The United States has a similar preoccupation in Central Asia -- how to prevent the spread of terrorism while encouraging democracy. The Central Asian republics -- Tajikistan, Uzbekistan, Kyrgyzstan, Turkmenistan, and Kazakhstan -- live in a much more dangerous neighborhood than the Maghreb nations. Afghanistan, with all its troubles, is an immediate neighbor. There is also Pakistan, with its volatility, and Iran, with its unsolved struggle between religious conservatives and reformists.
Nevertheless, as another Jane's expert, Alexander Vatanka, sees it, Central Asia is not doing too badly in terms of the threat of religious extremism.
"The ground is fertile for these extremist, Islamist-type movements to take hold, but it is not as bad as Morocco or Algeria, particularly Algeria a few years ago. And I also think you have to make a distinction when you talk of Central Asia -- when it comes to the appeal of Islamist groups and movements, it really does vary quite a lot. You could take the Ferghana Valley [mostly inside Uzbekistan], you could take the southeastern border areas of Kazakhstan, you could take Kyrgyzstan and parts of Tajikistan and say these places really would attract quite a lot of interest among the people for radical Islamist ideals," Vatanka said.
Vatanka says that while both the Maghreb and Central Asia are historically Muslim, he says the longer-established Islam of North Africa is more deeply rooted. And he says that, like everywhere else, interest in extremism in Central Asia seems to decline with improving economic conditions.
"Kazakhstan is a country that has a [gross domestic product] which grew, I think, by 11 percent last year. It has grown by two-digit figures for the last couple of years. Sure, it started from a very low point, but it is growing fast, and it is primarily as a result of investment in its oil and gas sectors. So a country like Kazakhstan, which is doing relatively well, has not seen so much interest expressed among the general public for Islamist kind of ideas. So it is a question of how to achieve progress economically," Vatanka said.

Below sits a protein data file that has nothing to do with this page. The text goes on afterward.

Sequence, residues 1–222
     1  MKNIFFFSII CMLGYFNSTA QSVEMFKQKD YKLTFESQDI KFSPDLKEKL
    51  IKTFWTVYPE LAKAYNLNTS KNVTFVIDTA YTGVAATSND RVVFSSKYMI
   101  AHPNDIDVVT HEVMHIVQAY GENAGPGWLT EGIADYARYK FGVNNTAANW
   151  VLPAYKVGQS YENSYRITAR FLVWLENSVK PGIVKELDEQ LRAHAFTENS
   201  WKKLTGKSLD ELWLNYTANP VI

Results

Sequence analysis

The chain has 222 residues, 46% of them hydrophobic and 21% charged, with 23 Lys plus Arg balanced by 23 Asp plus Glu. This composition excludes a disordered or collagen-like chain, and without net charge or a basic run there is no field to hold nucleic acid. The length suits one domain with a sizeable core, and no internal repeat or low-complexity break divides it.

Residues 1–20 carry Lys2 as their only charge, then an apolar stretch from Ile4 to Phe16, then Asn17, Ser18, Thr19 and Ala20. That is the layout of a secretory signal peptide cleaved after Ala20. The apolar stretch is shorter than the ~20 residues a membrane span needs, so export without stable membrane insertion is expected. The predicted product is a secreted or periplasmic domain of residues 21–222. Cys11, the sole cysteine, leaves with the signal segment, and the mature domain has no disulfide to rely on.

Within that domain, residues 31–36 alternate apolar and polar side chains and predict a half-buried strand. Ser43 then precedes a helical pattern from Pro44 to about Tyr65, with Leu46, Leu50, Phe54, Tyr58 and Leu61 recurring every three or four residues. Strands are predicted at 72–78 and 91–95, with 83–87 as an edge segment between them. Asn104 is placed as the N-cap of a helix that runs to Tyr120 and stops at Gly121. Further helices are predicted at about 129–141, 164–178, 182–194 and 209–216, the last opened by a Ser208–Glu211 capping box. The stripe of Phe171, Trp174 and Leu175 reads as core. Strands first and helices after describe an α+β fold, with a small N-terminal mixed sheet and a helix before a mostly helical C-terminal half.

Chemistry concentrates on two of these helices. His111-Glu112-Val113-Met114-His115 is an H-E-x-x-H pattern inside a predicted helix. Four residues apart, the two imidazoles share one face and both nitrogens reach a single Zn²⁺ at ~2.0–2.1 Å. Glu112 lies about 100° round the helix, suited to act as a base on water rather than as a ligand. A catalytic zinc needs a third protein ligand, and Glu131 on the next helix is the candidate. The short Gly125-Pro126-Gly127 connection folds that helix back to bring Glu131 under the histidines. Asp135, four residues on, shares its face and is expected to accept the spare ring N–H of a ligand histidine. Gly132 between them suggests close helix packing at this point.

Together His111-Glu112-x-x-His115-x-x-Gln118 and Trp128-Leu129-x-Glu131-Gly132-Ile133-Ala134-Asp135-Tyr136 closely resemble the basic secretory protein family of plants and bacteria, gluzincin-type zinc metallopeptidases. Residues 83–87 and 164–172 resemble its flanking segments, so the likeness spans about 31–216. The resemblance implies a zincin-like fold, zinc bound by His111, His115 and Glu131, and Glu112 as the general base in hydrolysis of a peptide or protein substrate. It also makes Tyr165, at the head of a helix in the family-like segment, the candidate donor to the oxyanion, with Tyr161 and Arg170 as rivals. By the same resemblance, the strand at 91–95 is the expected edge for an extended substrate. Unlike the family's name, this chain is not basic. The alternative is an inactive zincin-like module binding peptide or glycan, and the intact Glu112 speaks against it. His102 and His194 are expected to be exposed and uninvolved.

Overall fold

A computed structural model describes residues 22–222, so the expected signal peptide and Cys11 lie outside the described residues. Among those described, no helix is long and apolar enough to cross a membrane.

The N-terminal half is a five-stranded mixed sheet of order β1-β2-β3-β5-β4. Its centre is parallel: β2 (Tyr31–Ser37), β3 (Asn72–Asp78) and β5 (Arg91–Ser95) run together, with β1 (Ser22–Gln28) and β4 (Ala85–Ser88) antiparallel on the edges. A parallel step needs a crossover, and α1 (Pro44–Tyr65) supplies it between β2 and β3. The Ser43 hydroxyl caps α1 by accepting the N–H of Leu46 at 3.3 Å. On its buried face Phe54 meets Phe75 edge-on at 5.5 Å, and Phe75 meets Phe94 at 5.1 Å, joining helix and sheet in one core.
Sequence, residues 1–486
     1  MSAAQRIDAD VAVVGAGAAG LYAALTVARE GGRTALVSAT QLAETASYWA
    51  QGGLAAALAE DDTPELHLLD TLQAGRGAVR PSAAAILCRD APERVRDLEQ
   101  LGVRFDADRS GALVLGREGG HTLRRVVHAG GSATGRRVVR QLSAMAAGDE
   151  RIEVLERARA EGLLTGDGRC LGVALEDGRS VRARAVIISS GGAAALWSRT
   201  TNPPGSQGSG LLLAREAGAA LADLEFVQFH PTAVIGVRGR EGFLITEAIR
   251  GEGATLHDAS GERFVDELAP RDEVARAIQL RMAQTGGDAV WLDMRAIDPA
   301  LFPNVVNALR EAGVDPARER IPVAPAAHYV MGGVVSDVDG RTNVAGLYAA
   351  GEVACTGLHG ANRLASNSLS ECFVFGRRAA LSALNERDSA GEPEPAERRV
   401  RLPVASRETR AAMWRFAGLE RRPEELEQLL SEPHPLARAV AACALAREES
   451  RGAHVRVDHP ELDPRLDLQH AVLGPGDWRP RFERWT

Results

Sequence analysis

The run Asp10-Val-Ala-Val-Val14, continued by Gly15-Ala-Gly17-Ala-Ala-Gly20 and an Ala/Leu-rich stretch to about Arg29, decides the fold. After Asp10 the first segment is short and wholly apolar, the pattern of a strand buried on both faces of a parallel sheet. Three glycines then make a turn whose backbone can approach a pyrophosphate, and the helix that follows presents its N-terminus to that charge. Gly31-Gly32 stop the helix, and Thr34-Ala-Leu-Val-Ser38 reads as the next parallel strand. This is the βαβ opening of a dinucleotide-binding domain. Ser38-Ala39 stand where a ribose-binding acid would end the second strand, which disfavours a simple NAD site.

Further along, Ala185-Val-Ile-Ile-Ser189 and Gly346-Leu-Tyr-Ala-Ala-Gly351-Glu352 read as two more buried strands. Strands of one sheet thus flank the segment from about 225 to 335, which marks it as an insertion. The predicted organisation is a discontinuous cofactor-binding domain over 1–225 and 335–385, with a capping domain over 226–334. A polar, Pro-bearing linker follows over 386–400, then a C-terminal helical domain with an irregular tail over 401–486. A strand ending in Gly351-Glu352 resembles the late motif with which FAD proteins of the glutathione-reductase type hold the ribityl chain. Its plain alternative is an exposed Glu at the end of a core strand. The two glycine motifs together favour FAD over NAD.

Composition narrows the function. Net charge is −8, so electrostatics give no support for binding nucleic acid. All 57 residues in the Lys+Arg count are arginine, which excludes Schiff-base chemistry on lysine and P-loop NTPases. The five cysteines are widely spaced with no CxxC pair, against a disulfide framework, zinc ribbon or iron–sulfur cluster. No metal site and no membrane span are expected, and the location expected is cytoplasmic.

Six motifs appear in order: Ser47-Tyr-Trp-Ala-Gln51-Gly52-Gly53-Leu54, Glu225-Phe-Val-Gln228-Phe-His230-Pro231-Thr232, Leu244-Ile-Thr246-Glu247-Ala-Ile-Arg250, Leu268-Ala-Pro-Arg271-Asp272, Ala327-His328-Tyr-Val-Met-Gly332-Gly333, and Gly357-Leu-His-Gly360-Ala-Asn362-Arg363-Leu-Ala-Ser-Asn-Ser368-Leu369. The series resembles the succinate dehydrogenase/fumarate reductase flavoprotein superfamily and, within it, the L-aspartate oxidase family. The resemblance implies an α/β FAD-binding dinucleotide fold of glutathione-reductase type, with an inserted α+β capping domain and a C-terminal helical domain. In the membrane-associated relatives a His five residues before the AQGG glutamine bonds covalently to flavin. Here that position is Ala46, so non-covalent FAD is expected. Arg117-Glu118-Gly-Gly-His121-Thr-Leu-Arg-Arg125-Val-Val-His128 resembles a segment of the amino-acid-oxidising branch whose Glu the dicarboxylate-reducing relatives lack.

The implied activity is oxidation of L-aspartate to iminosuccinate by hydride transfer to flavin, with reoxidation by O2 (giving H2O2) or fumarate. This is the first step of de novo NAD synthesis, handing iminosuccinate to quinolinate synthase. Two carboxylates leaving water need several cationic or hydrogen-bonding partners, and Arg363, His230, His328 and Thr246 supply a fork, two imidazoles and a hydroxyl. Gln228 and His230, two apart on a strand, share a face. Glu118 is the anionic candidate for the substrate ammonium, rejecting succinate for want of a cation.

But most of the countries of the region are failing to make themselves attractive for foreign, particularly Western, investment. Turkmenistan, as Vatanka sees it, has turned away from Western investment and is instead implementing a "paranoid" foreign policy that drives it back toward Russia and Ukraine, where the prices it obtains for its energy resources are often below world market levels.
Kyrgyzstan, by contrast, is turning toward China as a regional "savior" and is trying to develop its trade links eastward, rather than westward. The region, like the Maghreb, places store on developing economic ties with the European Union, but -- also like the Maghreb -- these will take time to bear fruit.
On the political front, Central Asia also suffers from a deficit of democracy. As Vatanka puts it, "In Central Asia's case, you have got all the former communist leaders who then suddenly turned around and said, 'Oh, we're democrats.' But the only thing that they have done as far as democracy goes is that they have managed to get themselves invited to a number of forums here and there during the last 12 years, only to be criticized when they show up, because they have to listen to individuals from the West."
Central Asia is a region of vast potential, with a number of economic opportunities waiting to be developed. Like the Maghreb, it is geographically huge and sparsely populated, and with largely homogeneous populations.
But like the Maghreb -- only more so -- it has failed to show the necessary will and foresight to move forward. So far, at any rate.
Copyright (c) 2003. RFE/RL, Inc. Reprinted with the permission of Radio Free Europe/Radio Liberty, 1201 Connecticut Ave., N.W. Washington DC 20036. www.rferl.org